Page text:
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An Over Admittance of Students, a Limit to Registration

By Alexa Guerrero

Every Quarter, closer to the end than the beginning, is always the same for UCSB students. Log into GOLD, find out when your first pass time to register for classes is (down to the minute!), set a reminder for later so you don’t forget, and go perusing for the classes you need or want to take beforehand, add them to your cart, and come back to the site when your reminder goes off. You try not to think about which two classes you’ll have to prioritize in your first pass and which one or two classes you’re willing to risk filling up once your second pass time comes along.

But for those of us who have been at UCSB longer than two years, we remember not having to risk one class during our first pass time. Instead of being capped at 10 units, we were free to register for 12 units, making it easier for us to plan our schedules, and most importantly, not have to worry about keeping our full-time student status in order to keep our financial aid. We also didn’t have to wait until our second pass time to be assured of our financial and academic standing.

Interestingly enough, this new procedure was introduced the year following the COVID quarantine, when the university resumed in-person teaching. I still remember the outrage I walked into midway through my junior year fall quarter. The seniors in my English class were raging at the injustice of the new pass system. Their previous plans for the year would now have to be reworked based solely on chance and luck. Sure, as seniors they still had priority standing, but what good was that in the face of such limitations? Who’s to say the third class they decided to risk would still have enough space to register for by their second pass time? Classes here at UCSB fill up fairly quickly, especially when you take into account that the university admitted over 7,500 more students than the previous year, with nearly 300 of them enrolling.

Due to the global pandemic that took over the world in early 2020, everyone but essential workers were working or studying from home. This unorthodox yet arguably necessary method of schooling made it easier to accommodate students into classes, which could explain the university’s decision to over-admit students. But while this wasn’t as big an issue whilst schooling was online, “Zoom University,” as some termed the pandemic year, would not last forever. With students returning to campus for as many in-person classes as were available, solutions for the decisions made the previous year were needed. Enter, registration unit limitation.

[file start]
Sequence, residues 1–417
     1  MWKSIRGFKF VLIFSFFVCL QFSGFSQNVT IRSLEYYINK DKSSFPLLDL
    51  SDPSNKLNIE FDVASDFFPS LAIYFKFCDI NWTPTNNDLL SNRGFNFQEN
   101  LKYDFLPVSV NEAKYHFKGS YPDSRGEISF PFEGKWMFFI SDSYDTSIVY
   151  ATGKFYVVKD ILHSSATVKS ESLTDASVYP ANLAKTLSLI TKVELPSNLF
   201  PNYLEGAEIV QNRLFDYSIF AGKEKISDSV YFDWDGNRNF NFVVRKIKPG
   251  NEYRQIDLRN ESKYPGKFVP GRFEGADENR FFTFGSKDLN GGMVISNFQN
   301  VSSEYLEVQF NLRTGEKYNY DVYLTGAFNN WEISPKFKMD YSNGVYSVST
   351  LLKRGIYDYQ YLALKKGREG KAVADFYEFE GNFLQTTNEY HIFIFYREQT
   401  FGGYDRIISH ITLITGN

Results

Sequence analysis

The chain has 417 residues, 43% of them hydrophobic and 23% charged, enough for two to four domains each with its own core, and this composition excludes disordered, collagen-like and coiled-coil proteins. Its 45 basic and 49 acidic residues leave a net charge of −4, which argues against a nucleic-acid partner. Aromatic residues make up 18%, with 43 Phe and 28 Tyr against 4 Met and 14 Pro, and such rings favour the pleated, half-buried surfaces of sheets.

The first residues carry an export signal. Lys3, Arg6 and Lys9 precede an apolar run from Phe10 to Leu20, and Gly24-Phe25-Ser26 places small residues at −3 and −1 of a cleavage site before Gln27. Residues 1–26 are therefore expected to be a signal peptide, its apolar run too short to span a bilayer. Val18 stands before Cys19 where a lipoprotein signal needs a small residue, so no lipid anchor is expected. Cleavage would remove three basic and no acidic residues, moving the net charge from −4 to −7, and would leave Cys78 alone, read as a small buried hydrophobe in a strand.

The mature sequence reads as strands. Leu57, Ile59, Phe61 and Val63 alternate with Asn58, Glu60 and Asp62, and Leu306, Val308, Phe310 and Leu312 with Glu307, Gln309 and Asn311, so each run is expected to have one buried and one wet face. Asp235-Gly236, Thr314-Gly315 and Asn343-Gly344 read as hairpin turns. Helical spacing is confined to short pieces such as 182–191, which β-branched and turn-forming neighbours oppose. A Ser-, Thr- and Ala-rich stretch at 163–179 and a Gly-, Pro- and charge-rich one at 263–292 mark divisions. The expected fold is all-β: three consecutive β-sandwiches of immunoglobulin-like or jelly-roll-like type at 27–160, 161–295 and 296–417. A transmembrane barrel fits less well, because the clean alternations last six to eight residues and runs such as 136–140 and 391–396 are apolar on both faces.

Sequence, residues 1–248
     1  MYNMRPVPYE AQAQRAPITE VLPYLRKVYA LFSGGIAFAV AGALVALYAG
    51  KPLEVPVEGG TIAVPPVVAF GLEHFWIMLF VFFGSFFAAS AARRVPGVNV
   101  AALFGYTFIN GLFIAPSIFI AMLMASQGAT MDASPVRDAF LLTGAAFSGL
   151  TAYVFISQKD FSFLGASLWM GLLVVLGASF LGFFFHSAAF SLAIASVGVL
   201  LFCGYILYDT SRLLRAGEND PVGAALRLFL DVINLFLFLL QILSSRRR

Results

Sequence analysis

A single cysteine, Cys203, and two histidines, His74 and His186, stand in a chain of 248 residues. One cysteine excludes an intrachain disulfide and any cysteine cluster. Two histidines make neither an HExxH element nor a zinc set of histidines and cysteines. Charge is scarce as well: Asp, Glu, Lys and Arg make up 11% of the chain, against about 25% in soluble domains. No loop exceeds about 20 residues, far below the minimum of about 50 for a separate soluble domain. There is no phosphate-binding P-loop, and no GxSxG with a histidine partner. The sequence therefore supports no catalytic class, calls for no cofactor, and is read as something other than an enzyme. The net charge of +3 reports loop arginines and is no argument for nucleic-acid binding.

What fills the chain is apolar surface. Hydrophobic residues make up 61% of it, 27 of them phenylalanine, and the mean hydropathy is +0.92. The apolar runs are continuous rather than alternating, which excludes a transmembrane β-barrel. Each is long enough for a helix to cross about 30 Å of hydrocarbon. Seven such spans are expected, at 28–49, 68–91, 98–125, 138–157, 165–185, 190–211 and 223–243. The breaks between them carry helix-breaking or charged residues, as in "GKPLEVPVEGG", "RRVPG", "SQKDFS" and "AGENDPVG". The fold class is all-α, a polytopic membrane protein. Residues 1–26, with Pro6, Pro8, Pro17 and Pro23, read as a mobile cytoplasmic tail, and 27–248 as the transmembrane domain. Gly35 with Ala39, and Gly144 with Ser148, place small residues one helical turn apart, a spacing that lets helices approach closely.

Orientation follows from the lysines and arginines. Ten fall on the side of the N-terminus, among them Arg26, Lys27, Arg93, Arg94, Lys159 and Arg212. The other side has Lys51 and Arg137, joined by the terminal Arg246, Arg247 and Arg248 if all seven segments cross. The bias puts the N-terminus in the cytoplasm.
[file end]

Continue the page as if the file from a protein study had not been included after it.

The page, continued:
“Why should my education suffer because the school decided to admit more students than they should have?” one particularly enraged senior demanded after being made aware of the new registration guidelines. The upperclassmen were in agreement with her, complaining about what this now meant for their course plans, while the lowerclassmen stayed quiet, watching as those close to graduating scowled in their seats, hurriedly looking through their GOLD and outlined future schedules to plan anew. Even the instructor was wary once she walked in and was told why students were angry.

Though the chatter has since died now that a year has passed, many still find it unfair and a nuisance. Unfair because they had no say in the decision that specifically relates to the education for which they’re paying, and a nuisance for having to choose between necessary courses and gambling with the risk of missing one when having to wait for their second and third pass times. And while some agree that it has made registering for classes more equitable for students, others feel that the struggle to get into a class is part of the freshman experience.

“Yeah, it’s annoying, but what can you do?” shrugged one current fourth-year student when asked how she felt about the registration limits. “I mean, on the one hand, I get that it’s meant to help other students, specifically the freshmen. But on the other, what does that have to do with me and my education, you know?

I did my time. I struggled to find classes and a seat but I did it. So why make me struggle even more now that I’m an upperclassman and am supposed to have the advantage when it comes to registration? It just sucks.”

And it does suck. It sucks that the students have to suffer the consequences of the school’s decision to admit more students than they can fit into a class, much less house—but the housing crisis is a whole other mess. Now, students’ education has become even more competitive than before with students scrambling for a spot in a class they wish to take and having to settle for a course they didn’t want to take if they find themselves unable to register for their preferred class. Having students take classes they’re not interested in is a waste of their time and money, and can only lead to poor participation and effort.

Hopefully, this attempt at an equitable registration process will only lead to a less stressful version in the future where students don’t have to fear their academic and financial status will be taken away due to forces out of their control.

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